Arctic char is a fish found in cold water areas that is related to salmon and trout. It is common to parts of Alaska, Canada, and Nordic countries where it can be fished recreationally. If you’re going to be targeting arctic char on your next fishing trip, read this guide and learn how to catch them.
Arctic Char Identification
Since arctic char is related to both salmon and trout, it can somewhat resemble both species. They are often a dark color with lighter spots, though they can vary greatly in color. The edge of their fins are usually white and they have small heads with a slender body. The skin on an arctic char feels very smooth because of its fine scales.
Your average arctic char will weigh around 7 pounds, though larger char can reach upwards of 30 pounds and reach over 3 feet in length.
Where to Catch Arctic Char
Arctic char are found in cold rivers, lakes, and oceans. They spawn in freshwater but can spend a considerable amount of time in oceans and seas. In North America, they are commonly fished in Alaska around the Bering Sea and in certain parts of Canada. They can also be found along the Hudson Bay and parts of New Hampshire and Maine.
In the ocean, arctic char will stay inshore, where they can be fished. In rivers, they will commonly be found in pools and runs, while in lakes they tend to stay near the surface or near river mouths when the area is full of food.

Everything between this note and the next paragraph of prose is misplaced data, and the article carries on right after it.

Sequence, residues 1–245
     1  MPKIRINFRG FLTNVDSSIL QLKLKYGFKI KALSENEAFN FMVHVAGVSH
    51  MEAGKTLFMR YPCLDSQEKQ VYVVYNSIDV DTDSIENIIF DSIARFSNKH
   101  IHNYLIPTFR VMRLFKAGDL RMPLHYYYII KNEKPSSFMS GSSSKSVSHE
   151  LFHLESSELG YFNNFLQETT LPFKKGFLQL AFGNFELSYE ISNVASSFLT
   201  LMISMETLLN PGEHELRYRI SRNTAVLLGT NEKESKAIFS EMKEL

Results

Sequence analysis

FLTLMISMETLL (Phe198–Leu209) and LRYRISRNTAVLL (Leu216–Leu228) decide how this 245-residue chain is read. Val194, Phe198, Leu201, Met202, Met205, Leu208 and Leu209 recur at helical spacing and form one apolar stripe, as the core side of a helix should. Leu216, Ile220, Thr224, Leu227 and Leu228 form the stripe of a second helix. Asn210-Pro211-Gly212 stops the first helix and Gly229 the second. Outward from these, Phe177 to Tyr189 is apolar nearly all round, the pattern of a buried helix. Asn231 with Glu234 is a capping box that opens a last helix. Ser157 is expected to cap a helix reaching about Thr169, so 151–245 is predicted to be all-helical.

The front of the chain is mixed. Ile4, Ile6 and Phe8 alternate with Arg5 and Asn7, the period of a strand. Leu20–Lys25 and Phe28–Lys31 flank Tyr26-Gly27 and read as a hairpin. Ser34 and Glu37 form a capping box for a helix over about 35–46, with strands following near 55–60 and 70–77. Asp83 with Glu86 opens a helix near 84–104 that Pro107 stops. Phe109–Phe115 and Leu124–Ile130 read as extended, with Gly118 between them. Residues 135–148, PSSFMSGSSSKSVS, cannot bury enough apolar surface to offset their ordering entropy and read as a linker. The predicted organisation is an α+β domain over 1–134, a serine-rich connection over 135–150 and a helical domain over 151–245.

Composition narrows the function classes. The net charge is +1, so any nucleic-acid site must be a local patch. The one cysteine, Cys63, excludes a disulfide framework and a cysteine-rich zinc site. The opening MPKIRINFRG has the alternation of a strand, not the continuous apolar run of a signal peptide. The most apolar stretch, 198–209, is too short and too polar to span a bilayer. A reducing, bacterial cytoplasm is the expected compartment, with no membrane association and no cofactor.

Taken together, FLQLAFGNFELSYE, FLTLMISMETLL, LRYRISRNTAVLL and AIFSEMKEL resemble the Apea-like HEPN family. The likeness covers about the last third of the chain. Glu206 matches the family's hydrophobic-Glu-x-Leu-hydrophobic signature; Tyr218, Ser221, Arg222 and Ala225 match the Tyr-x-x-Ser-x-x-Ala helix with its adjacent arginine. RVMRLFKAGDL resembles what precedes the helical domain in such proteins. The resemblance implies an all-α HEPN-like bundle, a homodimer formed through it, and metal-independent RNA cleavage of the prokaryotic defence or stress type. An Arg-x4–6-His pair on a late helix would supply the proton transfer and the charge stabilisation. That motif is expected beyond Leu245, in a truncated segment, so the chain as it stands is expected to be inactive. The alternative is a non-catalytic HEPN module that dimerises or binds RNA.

What Do Arctic Char Eat?
The diet of an arctic char will vary greatly depending on the waters they inhabit. Freshwater char often eat snails, salmon eggs, plankton, caddis, and smaller fish. In saltwater, arctic char will often eat sculpin, lance, cod, and amphipods. If you’re using live bait when fishing for arctic char, it is a good idea to understand what they are eating in the waters you are fishing, and try to use that to target them.
Arctic char will spawn between September and October when the water is cold enough (usually around 40 degrees Fahrenheit). They spawn in rivers in areas with gravel or rock beds. They will often live in the rivers for years before migrating to the sea.
Arctic Char Equipment Recommendations
Rods and Reels
Spinning rods and reels are great for fishing arctic char. Light or medium action tends to work well. Since most arctic char you will catch will weigh around 1 to 10 pounds, 8 to 20 pound test line is recommended.
You can also catch them with fly rods. If you’re going to be fishing them with a fly rod we recommend a 5 to 10 weight rod around 9 feet in length.
Baits and Lures
Classic lures like spinner and spoons work well for arctic char. They tend to feed near the surface, which is where these lures can work wonders. If you’re ice fishing for arctic char, we recommend using live bait or jigs.
If you’re fly fishing, use dry flies, streamers, or wooly buggers.
Arctic Char Fishing Tips
Fish Near the Surface
Arctic char tend to feed near the surface, so when targeting them in their feeding season make sure to bring your lure to their level. This can be an excellent time to work a spinner at a shallow level to entice them to bite.
If you’re fly fishing arctic char in rivers and oceans, try working a stripping retrieve. Experiment with different speeds and lengths on your retrieve until you get a feel for what is working best.
Follow the Cycles
Match the hatch is relevant for any time of fishing, and it holds true of arctic char as well. But if you want to truly master catching arctic char, you have to develop an understanding of how they feed. Arctic char feeding in many rivers follows the cycle of their food. Their food choice follows the life cycle of insects and the spawning cycle of salmon. If insects are plentiful in the waters you are fishing, a dry fly is probably your best choice. If there are spawning salmon in the river, you want to use an egg pattern.